While Lantau has a range of primary schools offering varied curriculums, there is one constant – a dedication to moulding children with an awareness about the environment. Sam Agars reports.
South Lantau residents take pride in their natural surroundings and sustainable practices and this is no different in the island’s primary schools. Bui O Public School, Mui Wo School and Lantau International School all put a premium on educating students about the value of the environment, and what is required to ensure the planet retains its natural beauty for future generations to enjoy.
From specialised recycling and beach clean-ups to reducing and reusing where possible, Lantau schools are arming students with the knowledge required to do their bit. As young as they are, kids are being helped to develop practices that will help remedy the pollution and waste problem in Hong Kong.
It is an issue that is far from in hand. Hong Kong has an imminent waste problem, producing six million tonnes of municipal solid waste each year, made up of waste from domestic premises, public facilities, commerce and industry, but excluding construction and chemical waste.
According to the GovHK website: “The generation of municipal solid waste has been growing at a much faster rate than expected,” and as a result is putting pressure on the landfills in which waste is disposed. “The three existing landfills will be full, one by one, in the mid to late 2010s… if the waste loads continue to increase, there will be a need to allocate an additional 400 hectares of land to develop new landfill sites to meet our waste disposal needs up to 2030. Clearly, Hong Kong needs a more sustainable way to deal with waste.”
Little green shoots
Located just back from Pui O Beach, Bui O Public School offers P1 to P6 classes and has around 150 students. The school exudes a relaxed vibe and students are trusted to do their bit in making sure it is as sustainable as possible.
All of the school’s paper is recycled and specific recycling bins are dotted across the campus, with native English teacher Sean Earl saying that teaching children the value of recycling is only part of what they do at Bui O. “It’s all about maximising the use of resources, not being wasteful and being mindful of conservation,” he says.
“It’s about our consuming habits; it’s about getting away from just consuming and looking at where their stuff goes – to landfill or what have you,” Sean adds. “It’s not good enough to just throw away your ow ngarbage, if you see garbage on the floor pick it up and throw it away. I would like to think that putting things in the recycling, rather than just throwing things in the garbage, is second nature to a lot of kids.”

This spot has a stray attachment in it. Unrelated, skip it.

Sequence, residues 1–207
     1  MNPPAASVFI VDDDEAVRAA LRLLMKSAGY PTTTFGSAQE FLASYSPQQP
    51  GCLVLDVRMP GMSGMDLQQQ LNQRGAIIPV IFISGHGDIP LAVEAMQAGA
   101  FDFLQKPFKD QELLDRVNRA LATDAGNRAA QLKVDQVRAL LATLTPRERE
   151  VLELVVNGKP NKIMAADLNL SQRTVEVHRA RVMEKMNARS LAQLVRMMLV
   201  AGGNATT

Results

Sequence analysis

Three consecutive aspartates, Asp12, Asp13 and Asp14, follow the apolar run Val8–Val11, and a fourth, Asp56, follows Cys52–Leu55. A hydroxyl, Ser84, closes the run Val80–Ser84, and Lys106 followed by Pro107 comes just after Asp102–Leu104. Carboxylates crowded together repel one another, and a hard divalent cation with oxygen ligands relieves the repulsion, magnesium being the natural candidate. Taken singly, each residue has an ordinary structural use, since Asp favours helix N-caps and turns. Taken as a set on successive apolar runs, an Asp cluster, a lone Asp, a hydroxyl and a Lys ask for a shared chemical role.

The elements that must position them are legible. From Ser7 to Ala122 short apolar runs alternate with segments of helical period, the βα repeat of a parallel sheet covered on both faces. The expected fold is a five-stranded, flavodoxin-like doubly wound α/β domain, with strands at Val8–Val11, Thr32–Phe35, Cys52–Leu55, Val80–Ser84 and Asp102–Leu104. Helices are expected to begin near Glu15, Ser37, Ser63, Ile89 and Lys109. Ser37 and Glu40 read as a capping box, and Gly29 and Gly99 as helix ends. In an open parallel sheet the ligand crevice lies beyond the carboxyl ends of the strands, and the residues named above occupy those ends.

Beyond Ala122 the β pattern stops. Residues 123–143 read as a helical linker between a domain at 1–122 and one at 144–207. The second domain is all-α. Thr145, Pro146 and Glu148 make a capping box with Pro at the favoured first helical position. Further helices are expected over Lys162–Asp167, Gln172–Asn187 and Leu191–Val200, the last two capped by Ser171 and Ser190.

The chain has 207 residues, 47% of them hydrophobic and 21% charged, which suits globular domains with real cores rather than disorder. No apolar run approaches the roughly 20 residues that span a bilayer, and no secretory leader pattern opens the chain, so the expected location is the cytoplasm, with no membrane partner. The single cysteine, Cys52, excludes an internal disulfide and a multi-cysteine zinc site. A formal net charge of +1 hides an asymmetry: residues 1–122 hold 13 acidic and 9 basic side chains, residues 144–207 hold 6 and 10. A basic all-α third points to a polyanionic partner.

Students are encouraged to use reusable containers, cutlery and the like for their recess and lunch, with this green policy also put into practice elsewhere. “We have a famous Christmas party for kids, parents and local community members and everybody brings their own rather than us providing plastic plates and cutlery,” Sean says.
While beach clean-ups – held on Community Service Days – go hand-in-hand with being so close to one of Hong Kong’s best beaches, so too does being in contact with the buffalo that call the Pui O wetlands home. It is not unusual for buffalo to come close to the school and by coming into direct contact with the animals, students learn the value of respecting nature. The school is supportive of buffalo conservation.
“We have a lot of competing interests locally that would love to see the swamp paved in but I think the kids really enjoy having the green space,” Sean says.
With campuses at Pui O, Tong Fuk and Upper Cheung Sha, Lantau International School (LIS) is considered Hong Kong’s greenest school and it puts a premium on giving its 300-plus students ample opportunity to get outside amongst nature. Students start at the Cheung Sha Campus at reception age and work their way up to the Tong Fuk Campus, before finishing their primary education in Pui O.
Recycling and beach clean-ups are commonplace at LIS and the school holds a Green Week before Christmas each year. “We talk about the dangers of plastics and you see it working,” vice principal James Lambert says. “You talk about having a Green Week, but it’s not just that week, it should be all the time and they are not afraid to pick things up and recycle stuff. It’s very good to see.”
Likewise, at Mui Wo School – which also caters to P1 to P6 and, like Bui O, is attended by around 150 students – the message of reduce, reuse and recycle is embedded into the curriculum. The three are reinforced in all aspects of school life and recycling bins make it easy for students to keep paper, aluminum cans and plastics separate.
“We want to encourage our students to put their effort into building a healthy environment for future generations,” principal Yuen Wai Kwan says. “Our teachers deliver the message of reduce, reuse and recycle within the curriculum.”
Like so many schools nowadays, students are encouraged to eradicate use of disposal materials wherever possible. The children are also taught the benefits of utilising food waste, with all waste collected for farm use.
“Our school has a group called Environmental Ambassadors where the students in the group visit the Food Waste Collection Centre in Mui Wo and some farms,” Wai Kwan says. “They also learn to reuse materials to make Christmas decorations and other things.”